Take Highway 169 to CR 102 (Mountain Iron business district) exit. Take exit, and at the stop sign turn north onto CR 102 (Mineral Ave.) towards water tower. Continue one mile to the stop sign. Take left onto Main Street. Go two blocks (.1 mile) and take a right after Merritt Statue onto Mountain Avenue. The park is directly ahead (one block) on Locomotive Street.
To Wacootah Overlook follow Mountain Avenue to Main Street. Take a left on Main Street. Follow to Old Highway 169 which turns east (left) towards Virginia. Follow until you see the MinnTac gate, which will be on the left. Directly across from the gate on the north side is Wacootah Overlook. (Located approximately one mile from Mountain Iron Park and Mineview).
Free admission; open year-round.
General Superintendent's House - Oliver Iron Mining Company
Mining companies did more than develop the mines, processing facilities and transportation networks needed to market the ore. They shaped the way communities throughout northeastern Minnesota were built. From platting townsites to erecting housing, the companies took the lead in establishing model communities to serve the mining industry and their employees. A look at facilities built by the Oliver Iron Mining Company across the Mesabi Iron Range reveals how the company provided for management and workers alike.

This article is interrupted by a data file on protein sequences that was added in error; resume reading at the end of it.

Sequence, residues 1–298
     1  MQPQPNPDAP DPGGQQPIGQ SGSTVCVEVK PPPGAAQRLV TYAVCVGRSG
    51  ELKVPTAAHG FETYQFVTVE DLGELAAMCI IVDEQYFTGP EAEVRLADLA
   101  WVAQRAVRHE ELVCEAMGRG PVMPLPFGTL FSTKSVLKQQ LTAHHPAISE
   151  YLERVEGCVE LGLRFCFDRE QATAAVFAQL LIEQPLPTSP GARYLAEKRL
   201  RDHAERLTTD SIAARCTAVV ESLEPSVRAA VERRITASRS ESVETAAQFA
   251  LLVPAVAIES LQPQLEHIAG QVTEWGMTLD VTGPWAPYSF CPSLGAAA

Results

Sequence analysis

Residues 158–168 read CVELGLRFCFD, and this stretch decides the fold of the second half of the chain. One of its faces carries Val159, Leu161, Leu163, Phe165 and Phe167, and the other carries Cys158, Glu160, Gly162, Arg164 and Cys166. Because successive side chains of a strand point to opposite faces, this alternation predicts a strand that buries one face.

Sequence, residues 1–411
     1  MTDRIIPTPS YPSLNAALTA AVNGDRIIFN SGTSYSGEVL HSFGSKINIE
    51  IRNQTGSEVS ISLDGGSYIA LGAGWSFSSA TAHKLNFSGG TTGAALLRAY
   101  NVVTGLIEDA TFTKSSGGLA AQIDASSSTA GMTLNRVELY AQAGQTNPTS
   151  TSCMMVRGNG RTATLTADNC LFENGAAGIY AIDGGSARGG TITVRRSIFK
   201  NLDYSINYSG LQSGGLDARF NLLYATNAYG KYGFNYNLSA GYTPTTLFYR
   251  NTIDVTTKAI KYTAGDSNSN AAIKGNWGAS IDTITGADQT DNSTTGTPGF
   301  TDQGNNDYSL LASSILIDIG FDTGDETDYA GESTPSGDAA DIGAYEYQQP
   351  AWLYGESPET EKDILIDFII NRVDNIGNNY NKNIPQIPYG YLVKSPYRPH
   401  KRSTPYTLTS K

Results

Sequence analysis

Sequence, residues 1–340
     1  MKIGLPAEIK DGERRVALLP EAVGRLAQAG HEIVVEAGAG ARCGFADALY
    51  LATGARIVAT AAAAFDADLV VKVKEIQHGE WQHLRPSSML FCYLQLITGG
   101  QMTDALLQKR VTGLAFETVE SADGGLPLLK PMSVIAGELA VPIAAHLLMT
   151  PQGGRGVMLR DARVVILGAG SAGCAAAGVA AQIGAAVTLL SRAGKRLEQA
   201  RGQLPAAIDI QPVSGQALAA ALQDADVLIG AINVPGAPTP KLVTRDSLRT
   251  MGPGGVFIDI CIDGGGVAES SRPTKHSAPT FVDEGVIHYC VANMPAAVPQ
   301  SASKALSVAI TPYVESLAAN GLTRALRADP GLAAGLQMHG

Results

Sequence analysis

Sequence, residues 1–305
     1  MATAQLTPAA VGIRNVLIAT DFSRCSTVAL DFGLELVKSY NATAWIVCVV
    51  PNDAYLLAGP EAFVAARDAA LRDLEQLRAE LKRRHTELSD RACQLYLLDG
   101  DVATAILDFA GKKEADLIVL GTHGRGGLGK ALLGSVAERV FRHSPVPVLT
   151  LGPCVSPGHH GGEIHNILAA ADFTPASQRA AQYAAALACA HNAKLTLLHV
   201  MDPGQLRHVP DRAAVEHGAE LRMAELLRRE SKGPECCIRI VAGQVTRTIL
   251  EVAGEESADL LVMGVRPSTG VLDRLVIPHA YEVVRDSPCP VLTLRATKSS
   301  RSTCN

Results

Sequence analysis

The General Superintendent’s residence at 100 Cole Ave., Coleraine, Itasca County represents just one of the building types, based on standard construction plans, that the company used throughout its land holdings in the region. Typical of company houses for management-level employees, this frame structure has multiple gables and roof dormers. Simple porticos shelter the principal entrances. This detail, often with a balustraded deck above, also was used on worker housing and company offices.
Boarding House - Oliver Iron Mining Company
The Oliver Iron Mining Company Boarding House on Jessie Street, Marble, Itasca County, is just one of the building types, based on standard construction plans, that the company used throughout its land holdings in the region. Similar boarding houses for single immigrant workers were erected in many smaller communities during the Mesabi Range’s boom period in the first two decades of the 20th century. One of four constructed in Marble, this boarding house is the only one that remains. Closed in the late 1920s, it was converted into a private residence.